The next picture shows the new microphone which is situated on the lodge side of the mound.
And this one shows the left hand microphone
Here is Marc posing with a handful of dried elephant dung!
Jacques was also walking with us and, after looking at Old Faithful, he decided we should have a dung spitting competition. We thought this was being captured on cam but for some reason it wasn't working so all our spitting was in vain! Honestly, we all did it (it was impala dung) and I think Marc won but as he and Jacques sort of jumped forward as they spat, I'm not sure it should count! That's what Christy and I thought, anyway.
I don't know why none of us took photos of the dung spitting - I suppose we just thought it would be on the cam so no one thought of it.
Our afternoon drive was a fairly quiet one but here is a picture showing how much water there still was at Kudu Corner. As it is normally dry when we are there in August, this was a very pleasant surprise.
We saw ground hornbills which flew into a tree, a nice crash of 6 rhinos and then ..... this was my birthday, after all, .....just after sundowners guess who put in an appearance? Yes, Safari! I don't have a picture as she didn't stay for long as she was hunting but at least she came to say happy birthday . She was looking a bit thin so I hope she was successful in her hunt.
That night we had a super meal in the boma and at the end of the meal, when I thought I couldn't eat another thing, in came some of the ladies singing Happy Birthday and Wesley who was carrying a beautiful chocolate cake. He then proceeded to light a sparkler on top of the cake! The cake was absolutely delicious and I managed to eat a good sized piece and was very surprised not to feel like I had over eaten! Thank you to Wesley and the ladies :) Here is Wesley lighting a sparkler on top of the cake, flanked by two of the ladies.
Next morning we had some super sightings - I loved this little elephant.
We than found Salayexe laying on a branch of a tree with a dead impala close by. Blood was still dripping from its mouth but as she has two young cubs to feed, you couldn't really feel sorry for the impala - well it was dead and at least we didn't see her catch it! I am not posting any pics as I know Christy has lots!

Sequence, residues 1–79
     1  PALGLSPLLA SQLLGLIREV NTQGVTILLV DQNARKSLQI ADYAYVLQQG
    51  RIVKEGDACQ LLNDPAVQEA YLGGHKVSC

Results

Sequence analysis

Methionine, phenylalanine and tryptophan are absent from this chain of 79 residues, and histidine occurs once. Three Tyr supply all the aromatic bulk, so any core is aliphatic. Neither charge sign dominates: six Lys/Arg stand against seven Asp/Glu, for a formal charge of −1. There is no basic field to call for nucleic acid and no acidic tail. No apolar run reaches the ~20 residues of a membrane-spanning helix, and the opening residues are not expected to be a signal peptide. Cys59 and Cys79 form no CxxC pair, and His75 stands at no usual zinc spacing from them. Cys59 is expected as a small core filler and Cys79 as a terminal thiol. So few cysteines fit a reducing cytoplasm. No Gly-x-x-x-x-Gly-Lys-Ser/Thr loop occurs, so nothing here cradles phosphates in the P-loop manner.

We had another nice elephant sighting on our way back to the lodge...
When we got back to Nkorho, it was to see this lovely bushbuck wandering around between number 1 and 2 chalets
Unfortunately Christy and her hubby left that day so we had to say goodbye .....
I was in the bar with Valdi a bit later when 6 elephants came and paid a visit. I think a video of these elephants was posted on the forum. You can see part of the helicopter that Dirk, the lodge's owner, flew in on
Next morning we set off from the lodge at 6am and almost the first animal we saw was a beautiful big male leopard. He was close to the lodge, in the direction of Kudu Corner. Bushie later said she thought it might have been Manyeleti but Greg said it wasn't so we still don't know who he was. Suffice it to say he was big and beautiful. I did take some pics but as it was very early and the light was poor, don't feel they are good enough to post. We then set off to find Salayexe - her territory is a long way from NK. We were slightly disappointed because her cubs had been with her at the impala kill until not long before we arrived but they were scared off by hyenas which were hanging around under the tree in the hopes of getting a few scraps of meat that might fall down.
Even though we didn't get to see the cubs, Salayexe put on a great display for us! She started off by doing what leopards do well - dozing!
She then got up and decided she was a bit peckish ... even though her stomach was full to overflowing!
Look at her whiskers on the next pic!
On the next pic she was pulling out the impalas hair and spitting it out before eating the flesh
She is a lovely leopard and, as we first saw her when she was about a year old and still with her mother, it is great to see how she has developed and that she is such a good mother to her own cubs.
We left her and headed back to the lodge for breakfast where Milo sat patiently under the table waiting for any scraps that might accidentally (?!) fall off any plates.
and then it was our turn to say our farewells to everyone at NK. Until the next time .........